Why isn’t my child speaking clearly?
Articulation difficulties are when a child has trouble producing and forming sounds accurately. If you find that listeners are unable to understand what your child is saying, an evaluation may be appropriate to determine if this is typical for development or a language delay. Some sound substitutions are common in language development. Our speech-language pathologist is happy to discuss any concerns.
Do speech-language disorders affect learning?
Children who have a speech-language disorder may have difficulty with overall communication with peers and adults. This affects their ability to be successful in school because learning takes place through communication. Speech and language skills are necessary for academic success and learning. If your child is having difficulty with overall communication skills, then you may want to contact a speech-language pathologist to discuss concerns.
Why does my child struggle with certain daily routines?
Executive functioning and efficient sensory processing are required for many activities of daily living. If a child struggles with executive dysfunction, sensory defensiveness, sensory modulation disorder or motor planning difficulties, basic routines of getting ready in the morning and out the door, completing basic self-care, and completing household chores are a challenge.
How can an outpatient speech-language pathologist help my child in the school setting?
A speech-language pathologist who works in a private, pediatric setting works on skills that are necessary in school such as developing skills for retelling events/stories, responding to questions, describing figurative language, vocabulary development, and working on specific social skills. The speech-language pathologist can collaborate with school staff to ensure that treatment is targeting the specific needs of your child.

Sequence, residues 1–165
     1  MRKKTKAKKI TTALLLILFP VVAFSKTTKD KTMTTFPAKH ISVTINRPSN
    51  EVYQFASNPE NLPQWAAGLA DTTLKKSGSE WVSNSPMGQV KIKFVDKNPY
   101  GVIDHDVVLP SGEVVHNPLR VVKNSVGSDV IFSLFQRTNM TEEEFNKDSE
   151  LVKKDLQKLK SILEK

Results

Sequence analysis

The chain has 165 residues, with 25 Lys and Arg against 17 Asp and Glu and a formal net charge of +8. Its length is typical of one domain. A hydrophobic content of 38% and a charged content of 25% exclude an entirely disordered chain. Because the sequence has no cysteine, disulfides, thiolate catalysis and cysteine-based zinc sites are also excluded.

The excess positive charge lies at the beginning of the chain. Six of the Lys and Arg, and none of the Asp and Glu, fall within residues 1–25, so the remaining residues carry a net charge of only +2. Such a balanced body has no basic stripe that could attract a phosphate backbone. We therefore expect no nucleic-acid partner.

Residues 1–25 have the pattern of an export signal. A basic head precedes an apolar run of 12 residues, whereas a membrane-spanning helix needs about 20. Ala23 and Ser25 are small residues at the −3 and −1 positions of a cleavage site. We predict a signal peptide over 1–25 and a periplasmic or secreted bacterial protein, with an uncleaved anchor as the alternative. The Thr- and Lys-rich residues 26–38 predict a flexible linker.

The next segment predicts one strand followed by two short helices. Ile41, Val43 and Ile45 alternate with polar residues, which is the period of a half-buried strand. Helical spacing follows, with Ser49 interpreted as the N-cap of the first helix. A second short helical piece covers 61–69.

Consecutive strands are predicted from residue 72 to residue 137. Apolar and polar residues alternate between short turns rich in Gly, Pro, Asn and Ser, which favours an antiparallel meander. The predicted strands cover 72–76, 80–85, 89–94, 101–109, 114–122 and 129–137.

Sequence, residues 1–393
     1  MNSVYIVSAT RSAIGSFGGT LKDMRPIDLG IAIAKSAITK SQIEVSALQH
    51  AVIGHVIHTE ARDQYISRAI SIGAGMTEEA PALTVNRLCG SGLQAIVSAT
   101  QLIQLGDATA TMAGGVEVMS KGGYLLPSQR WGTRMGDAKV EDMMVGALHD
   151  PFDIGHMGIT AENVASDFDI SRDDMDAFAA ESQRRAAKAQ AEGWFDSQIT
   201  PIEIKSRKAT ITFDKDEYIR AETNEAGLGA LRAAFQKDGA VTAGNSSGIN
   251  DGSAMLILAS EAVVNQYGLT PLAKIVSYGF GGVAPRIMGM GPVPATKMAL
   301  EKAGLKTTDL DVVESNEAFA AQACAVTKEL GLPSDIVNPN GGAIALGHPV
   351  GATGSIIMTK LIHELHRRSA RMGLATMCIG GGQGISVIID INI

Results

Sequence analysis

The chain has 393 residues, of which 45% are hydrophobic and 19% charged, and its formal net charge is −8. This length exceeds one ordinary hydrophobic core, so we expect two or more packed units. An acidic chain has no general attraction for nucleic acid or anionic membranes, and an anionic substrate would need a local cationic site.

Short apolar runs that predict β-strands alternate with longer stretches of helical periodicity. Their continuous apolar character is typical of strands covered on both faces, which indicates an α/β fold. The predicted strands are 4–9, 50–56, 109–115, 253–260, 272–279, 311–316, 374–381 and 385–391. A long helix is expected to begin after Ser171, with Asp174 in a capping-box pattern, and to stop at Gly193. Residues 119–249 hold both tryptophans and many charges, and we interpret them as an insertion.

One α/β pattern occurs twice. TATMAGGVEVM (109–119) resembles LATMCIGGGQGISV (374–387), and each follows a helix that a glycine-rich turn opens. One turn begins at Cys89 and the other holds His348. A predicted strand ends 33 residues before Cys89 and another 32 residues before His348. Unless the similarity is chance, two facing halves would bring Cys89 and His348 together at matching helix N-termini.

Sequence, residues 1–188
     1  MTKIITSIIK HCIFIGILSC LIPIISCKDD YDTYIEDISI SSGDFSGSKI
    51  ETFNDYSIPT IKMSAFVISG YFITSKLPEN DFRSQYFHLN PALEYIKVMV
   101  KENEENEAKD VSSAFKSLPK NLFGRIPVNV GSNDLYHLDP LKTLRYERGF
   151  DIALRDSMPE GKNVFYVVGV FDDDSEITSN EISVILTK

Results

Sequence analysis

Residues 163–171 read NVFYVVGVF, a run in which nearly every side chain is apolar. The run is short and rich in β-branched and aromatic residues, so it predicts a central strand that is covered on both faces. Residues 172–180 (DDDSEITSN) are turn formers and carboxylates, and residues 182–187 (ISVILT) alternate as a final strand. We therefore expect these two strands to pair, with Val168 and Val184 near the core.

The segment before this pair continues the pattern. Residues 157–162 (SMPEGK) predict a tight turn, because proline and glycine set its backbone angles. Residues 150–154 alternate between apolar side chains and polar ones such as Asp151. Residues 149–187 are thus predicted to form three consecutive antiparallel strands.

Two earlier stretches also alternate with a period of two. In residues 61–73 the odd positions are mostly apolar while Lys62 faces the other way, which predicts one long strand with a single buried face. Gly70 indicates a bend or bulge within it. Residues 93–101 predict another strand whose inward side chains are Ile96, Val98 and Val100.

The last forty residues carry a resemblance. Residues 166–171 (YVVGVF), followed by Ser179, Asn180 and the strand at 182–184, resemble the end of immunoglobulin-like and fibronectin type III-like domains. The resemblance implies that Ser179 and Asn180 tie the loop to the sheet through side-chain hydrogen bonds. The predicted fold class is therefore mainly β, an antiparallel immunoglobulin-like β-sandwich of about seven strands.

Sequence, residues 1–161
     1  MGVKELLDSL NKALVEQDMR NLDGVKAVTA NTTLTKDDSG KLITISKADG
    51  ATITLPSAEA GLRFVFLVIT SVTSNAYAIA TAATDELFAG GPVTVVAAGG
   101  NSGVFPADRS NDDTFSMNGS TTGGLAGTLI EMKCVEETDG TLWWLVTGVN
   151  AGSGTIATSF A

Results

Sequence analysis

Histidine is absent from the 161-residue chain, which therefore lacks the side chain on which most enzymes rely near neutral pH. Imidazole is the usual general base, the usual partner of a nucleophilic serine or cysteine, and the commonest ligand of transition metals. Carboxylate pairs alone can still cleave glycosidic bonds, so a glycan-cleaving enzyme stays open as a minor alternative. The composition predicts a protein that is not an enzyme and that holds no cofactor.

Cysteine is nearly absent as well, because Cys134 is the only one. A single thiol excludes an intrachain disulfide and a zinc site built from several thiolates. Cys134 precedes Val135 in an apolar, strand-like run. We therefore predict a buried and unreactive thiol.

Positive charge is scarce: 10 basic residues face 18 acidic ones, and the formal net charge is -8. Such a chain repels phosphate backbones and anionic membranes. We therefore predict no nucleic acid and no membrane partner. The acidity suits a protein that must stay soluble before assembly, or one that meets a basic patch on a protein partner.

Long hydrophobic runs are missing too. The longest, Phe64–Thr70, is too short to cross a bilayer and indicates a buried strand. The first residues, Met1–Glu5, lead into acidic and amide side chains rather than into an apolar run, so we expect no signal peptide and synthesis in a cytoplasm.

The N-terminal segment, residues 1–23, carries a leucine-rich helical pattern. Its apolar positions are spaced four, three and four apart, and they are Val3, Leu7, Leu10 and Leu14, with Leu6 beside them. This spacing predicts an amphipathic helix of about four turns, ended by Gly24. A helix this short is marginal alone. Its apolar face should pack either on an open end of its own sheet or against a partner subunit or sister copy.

Why does my child continue to put things in his mouth?
We all expect to see younger children put objects in their mouth. However, when we see a school age child chewing on his collar or shirt sleeve, or chewing the end of his pencil so much that tooth-marks are embedded, we may wonder. Some children, and adults, regulate themselves orally, it can be a calming/organizing input. It’s likely your child continues to put things in his mouth in an attempt to organize his sensory system and maintain regulation.
Why does my child struggle changing clothes seasonally?
It is common for a child to have a favorite outfit or preference for certain types of clothes. If you find that your child is overly particular about how clothes feel, refuses to wear certain items consistently, complains often about how his socks feel, or resists wearing seasonally appropriate clothing, this may indicate a sensitivity to tactile input and may warrant a consultation with an occupational therapist.
Why is my child easily frustrated?
Growing up can be a frustrating experience for many of us. Do you find that your child is frequently frustrated and allows what appears to be an insignificant event trigger an extreme emotional response? Or, when your child becomes upset, does it take him a long time to recover? If so, further investigation by an occupational therapist is appropriate. Some children have sensory regulation difficulties resulting in rapid fluctuations, from contentment to anger, which an occupational therapist can help determine. Difficulty communicating can be another reason why your child may be easily frustrated; a speech-language pathologist would be able to help in this case. Other times, it may be appropriate for a psychologist to evaluate your child to be sure there are not any other underlying areas of concern.